Nasdaq lays out gender diversity targets for listed companies

For Corporate America, greater diversity equals greater rewards

Nasdaq lays out gender diversity targets for listed companies

Nasdaq is introducing new regulations for businesses that float on the US stock exchange: the proposal aims to increase diversity among senior executives at Nasdaq-listed companies.

Leaders of the electronic marketplace filed a proposal before the US Securities and Exchange Commission (SEC) to adopt new listing rules that would require companies to publish “consistent, transparent diversity statistics” about their board of directors.

Businesses on the exchange must appoint at least two directors from historically underrepresented sectors – or they would be asked to explain why they failed to hit those targets.

Read more: Measuring the ROI: How to show diversity’s value

Nasdaq defines underrepresented minorities as people who identify as Black or African American; Hispanic or Latinx; Asian; Native American or Alaska Native; Native Hawaiian or Pacific Islander; or two or more races or ethnicities.

New diversity targets

The boards must include one director who “self-identifies as female” and another who “self-identifies as either an underrepresented minority or LGBTQ+”, Nasdaq announced this month.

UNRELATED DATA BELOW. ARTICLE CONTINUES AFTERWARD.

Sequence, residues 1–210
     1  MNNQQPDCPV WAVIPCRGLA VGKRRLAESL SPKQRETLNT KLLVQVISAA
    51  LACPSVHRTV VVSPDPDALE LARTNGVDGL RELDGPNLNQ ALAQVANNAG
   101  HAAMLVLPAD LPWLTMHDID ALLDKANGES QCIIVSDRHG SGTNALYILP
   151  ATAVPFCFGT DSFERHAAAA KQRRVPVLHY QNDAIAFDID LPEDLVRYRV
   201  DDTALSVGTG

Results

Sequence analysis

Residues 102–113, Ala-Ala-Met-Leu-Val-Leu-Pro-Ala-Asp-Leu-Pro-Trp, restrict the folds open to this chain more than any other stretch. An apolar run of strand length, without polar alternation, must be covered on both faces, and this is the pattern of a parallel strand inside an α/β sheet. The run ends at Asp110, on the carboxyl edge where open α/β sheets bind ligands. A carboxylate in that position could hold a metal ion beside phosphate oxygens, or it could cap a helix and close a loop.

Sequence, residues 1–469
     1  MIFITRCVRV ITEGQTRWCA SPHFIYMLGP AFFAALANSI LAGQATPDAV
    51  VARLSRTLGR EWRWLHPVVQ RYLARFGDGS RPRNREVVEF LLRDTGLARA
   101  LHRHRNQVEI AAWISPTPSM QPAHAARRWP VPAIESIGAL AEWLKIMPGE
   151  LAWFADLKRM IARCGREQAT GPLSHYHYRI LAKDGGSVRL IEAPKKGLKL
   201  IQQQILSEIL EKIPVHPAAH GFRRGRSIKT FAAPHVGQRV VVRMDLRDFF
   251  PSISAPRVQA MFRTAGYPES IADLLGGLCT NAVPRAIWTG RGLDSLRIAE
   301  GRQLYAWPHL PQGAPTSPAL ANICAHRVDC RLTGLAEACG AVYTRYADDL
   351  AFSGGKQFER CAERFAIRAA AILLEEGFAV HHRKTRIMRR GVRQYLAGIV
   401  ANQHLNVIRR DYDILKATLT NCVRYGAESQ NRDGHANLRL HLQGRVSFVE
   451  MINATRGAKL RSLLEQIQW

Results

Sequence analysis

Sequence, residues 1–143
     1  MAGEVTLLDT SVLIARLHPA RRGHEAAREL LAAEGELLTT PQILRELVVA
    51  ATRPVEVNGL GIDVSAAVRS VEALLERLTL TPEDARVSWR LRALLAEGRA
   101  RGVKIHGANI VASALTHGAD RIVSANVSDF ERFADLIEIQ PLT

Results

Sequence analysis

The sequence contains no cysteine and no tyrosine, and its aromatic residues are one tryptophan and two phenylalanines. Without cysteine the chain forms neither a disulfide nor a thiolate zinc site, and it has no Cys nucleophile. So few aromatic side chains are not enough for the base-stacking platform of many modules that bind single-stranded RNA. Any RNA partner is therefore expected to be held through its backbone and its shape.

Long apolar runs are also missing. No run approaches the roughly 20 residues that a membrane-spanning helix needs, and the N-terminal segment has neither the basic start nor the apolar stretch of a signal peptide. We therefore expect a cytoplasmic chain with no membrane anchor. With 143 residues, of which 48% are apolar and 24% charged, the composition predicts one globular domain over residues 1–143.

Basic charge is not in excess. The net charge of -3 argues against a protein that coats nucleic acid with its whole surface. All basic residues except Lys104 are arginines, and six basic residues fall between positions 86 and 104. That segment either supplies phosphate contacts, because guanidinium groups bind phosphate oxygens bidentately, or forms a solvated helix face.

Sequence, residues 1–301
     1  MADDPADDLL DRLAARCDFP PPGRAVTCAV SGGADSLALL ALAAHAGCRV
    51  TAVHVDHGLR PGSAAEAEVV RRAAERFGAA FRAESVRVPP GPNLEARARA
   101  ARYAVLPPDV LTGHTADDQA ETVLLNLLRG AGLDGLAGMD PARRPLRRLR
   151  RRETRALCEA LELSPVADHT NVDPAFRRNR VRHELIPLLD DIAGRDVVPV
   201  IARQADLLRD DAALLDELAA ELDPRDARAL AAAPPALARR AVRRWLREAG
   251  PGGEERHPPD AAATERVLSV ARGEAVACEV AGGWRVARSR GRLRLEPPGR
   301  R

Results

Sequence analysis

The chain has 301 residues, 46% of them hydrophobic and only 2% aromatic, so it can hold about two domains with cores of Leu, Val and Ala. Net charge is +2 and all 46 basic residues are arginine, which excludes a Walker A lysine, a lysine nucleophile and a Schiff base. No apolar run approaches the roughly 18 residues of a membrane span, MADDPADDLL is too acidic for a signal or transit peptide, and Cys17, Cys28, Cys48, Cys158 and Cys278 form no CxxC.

“Foreign companies and smaller reporting companies would have additional flexibility in satisfying this requirement with two female directors,” the group said.

Once the SEC approves the listing rules, businesses must have one diverse director within two years.

Nasdaq believes in the link between board diversity and improved financial performance and corporate governance, citing more than two dozen studies that presented similar claims.

Read more: The nine 'levers' to pull if you're serious about inclusion

The call for greater diversity should give investors a better understanding of board composition, and boost their confidence in the way directors are selected, the group said.

“Nasdaq’s purpose is to champion inclusive growth and prosperity to power stronger economies,” said Adena Friedman, Nasdaq’s president and CEO. “We believe this listing rule is one step in a broader journey to achieve inclusive representation across corporate America.”

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